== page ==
Plant type: Lithophyte
Description: consisting of pseudobulbs or canes that can be up to 45cm long. Large leathery leaves than can last up to 12 years on the plant. Flowering August to September.
Flowering:Arching racemes that can have up to 100 fragrant flowers per stem.
Climate zone: Outdoors in tropical to temperate climates, but shadehouses in colder areas.
 
1-Dendrobium%2Bspeciosum.jpg
 

Some gardeners think that growing orchids can be a bit tricky or only for the orchid afficionado. 

They may have experienced one or two failures that has tainted their perception of orchids for life. 
But I think, give orchids another go, because there’s ones out there that are hard to kill. 
This one’s no exception. 
Let’s find out what it is. 
I'm talking with Adrian O’Malley, native plant expert and native orchid afficionado. 

One of the most spectacular Australian orchids and one of the easiest to grow.

  • When establishing your new orchid, you can attach it with coated wire or plastic rope to a tree, or boulder in your garden.

Adrian has his own orchid house in his backyard where he grows about 200 different types of orchids and yes, they are all types of Australian native orchids. 
Be like Adrian, and grow some yourself. 
If you have any questions about Australian orchids, drop us a line to realworldgardener@gmail.com or write to 2rrr PO Box 644 Gladesville NSW 1675

 

Real World Gardener Midgen Berry in Plant of the Week

September 27th, 2020

PLANT OF THE WEEK 2

Scientific name:Austromyrtus dulcis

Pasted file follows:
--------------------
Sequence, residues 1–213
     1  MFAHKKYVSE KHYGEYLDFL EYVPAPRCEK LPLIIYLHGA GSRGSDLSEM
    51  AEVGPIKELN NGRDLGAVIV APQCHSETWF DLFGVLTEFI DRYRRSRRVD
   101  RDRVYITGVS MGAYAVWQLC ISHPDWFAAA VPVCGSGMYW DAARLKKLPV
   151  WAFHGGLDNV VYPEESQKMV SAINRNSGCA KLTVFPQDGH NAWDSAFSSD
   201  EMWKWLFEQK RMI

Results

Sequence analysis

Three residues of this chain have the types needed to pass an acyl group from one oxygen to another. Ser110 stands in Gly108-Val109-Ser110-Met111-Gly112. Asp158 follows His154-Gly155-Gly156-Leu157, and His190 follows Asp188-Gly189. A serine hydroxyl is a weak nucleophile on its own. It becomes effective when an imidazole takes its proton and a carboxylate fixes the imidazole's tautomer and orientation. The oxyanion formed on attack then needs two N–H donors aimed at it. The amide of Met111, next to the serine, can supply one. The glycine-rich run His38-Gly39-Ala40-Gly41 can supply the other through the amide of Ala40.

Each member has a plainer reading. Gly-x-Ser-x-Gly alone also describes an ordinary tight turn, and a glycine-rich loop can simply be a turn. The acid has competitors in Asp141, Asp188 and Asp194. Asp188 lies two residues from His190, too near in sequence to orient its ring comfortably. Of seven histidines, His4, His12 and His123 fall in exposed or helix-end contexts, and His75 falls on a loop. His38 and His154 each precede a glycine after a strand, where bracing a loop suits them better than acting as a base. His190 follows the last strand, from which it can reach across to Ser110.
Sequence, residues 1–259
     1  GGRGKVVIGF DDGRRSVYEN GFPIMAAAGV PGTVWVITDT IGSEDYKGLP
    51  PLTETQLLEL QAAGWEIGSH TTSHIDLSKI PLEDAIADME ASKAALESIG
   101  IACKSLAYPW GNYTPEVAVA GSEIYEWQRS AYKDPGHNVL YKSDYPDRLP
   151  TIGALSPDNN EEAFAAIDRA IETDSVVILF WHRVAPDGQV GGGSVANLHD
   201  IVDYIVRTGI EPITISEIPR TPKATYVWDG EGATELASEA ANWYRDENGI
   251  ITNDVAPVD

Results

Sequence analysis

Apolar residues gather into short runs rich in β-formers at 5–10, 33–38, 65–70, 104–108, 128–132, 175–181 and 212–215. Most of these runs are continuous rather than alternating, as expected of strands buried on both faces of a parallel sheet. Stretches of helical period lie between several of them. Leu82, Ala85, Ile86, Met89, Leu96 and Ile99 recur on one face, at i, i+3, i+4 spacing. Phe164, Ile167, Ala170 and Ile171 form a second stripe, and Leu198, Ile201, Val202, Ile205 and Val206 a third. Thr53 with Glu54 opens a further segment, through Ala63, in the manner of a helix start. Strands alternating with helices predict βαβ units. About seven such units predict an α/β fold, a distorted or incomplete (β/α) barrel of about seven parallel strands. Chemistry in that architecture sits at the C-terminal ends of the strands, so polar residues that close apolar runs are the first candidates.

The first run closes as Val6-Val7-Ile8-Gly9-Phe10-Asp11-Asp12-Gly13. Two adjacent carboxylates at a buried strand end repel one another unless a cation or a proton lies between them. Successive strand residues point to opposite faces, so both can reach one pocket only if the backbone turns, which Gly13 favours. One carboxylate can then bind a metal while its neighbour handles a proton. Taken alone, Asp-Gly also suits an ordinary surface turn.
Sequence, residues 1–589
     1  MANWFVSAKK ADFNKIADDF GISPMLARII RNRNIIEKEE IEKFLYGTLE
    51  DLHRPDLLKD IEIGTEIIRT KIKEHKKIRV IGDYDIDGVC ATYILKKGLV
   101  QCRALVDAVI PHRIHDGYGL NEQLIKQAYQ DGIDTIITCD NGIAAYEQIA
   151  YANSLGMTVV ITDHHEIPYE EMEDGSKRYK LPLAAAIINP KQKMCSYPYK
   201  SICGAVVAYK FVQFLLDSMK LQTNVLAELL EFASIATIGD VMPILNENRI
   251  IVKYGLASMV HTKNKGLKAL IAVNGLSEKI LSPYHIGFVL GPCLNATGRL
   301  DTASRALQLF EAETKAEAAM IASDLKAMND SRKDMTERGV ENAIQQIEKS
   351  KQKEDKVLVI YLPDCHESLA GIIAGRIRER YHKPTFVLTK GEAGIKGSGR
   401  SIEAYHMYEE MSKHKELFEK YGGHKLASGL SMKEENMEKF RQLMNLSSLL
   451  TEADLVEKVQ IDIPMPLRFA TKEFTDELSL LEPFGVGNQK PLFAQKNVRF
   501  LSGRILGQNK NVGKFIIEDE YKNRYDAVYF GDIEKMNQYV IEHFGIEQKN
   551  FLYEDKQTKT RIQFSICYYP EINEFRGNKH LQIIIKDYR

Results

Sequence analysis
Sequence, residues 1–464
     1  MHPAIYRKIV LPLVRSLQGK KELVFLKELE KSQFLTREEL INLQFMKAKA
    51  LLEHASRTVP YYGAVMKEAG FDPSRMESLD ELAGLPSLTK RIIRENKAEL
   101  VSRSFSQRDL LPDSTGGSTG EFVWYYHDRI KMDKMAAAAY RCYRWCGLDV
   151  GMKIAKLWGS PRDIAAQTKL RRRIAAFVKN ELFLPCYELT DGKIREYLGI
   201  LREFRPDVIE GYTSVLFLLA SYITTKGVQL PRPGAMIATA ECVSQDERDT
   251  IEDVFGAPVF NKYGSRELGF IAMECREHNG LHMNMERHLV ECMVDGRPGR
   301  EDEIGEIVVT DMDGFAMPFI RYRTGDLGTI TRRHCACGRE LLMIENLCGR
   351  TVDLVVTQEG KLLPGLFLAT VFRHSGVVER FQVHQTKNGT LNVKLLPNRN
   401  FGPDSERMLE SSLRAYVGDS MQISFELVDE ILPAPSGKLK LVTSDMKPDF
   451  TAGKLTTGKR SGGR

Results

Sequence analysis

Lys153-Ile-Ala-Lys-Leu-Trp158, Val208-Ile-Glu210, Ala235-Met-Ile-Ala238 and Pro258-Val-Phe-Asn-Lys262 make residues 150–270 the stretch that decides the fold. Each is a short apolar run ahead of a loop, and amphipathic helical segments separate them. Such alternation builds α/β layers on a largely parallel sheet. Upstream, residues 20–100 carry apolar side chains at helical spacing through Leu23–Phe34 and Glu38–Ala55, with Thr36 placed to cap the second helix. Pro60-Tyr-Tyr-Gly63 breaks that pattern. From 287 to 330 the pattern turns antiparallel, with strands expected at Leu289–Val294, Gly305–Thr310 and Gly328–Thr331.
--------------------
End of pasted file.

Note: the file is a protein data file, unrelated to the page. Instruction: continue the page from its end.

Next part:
Common name: Midgen berry
Flowers: white with 5 petals, in spring and summer. Later in cooler districts.
Leaves: variable 9-30mm with noticeable oil glands. New growth is covered with silky hairs.
Site: part shade to full sun
Uses: bush tucker food

Austromyrtus%2Bdulcsis%2Bflower.jpg
 
Cultivars: Austromyrtus  'Copper Tops." ( A hybrid between A. dulcis and A. tenuifolia.)

Here’s a shrub that has not only green leaves but berries that you can actually eat.

Let’s find out more…I'm talking with Adrian O’Mally, qualified horticulturist and native plant expert. 
The white berries have pale purple spots and a reputedly crunchy with a similar taste to blackberries.
I never found that thinking they were more pasty albeit sweet tasting. 
The preferred soil is will drained.
  • Midgen berry hedges is a great alternative to murraya hedges. Plant that closer together than the recommendation on the plant tag. Usually half the distance is best.
  • In it's native environment it may grow as a spreading shrub up to 2 m tall. Usually found in sandy soils in heath, scrub or open forests and occasionally on the margins of rainforests. 
  • In the home garden 40cm x 1.4m wide
  • Midgen berry copper tops has coppery coloured new growth.

Real World Gardener Rock Thryptomene in Plant of the Week

September 27th, 2020

PLANT OF THE WEEK

Thryptomene sp and Thryptomene saxicola F.C.Payne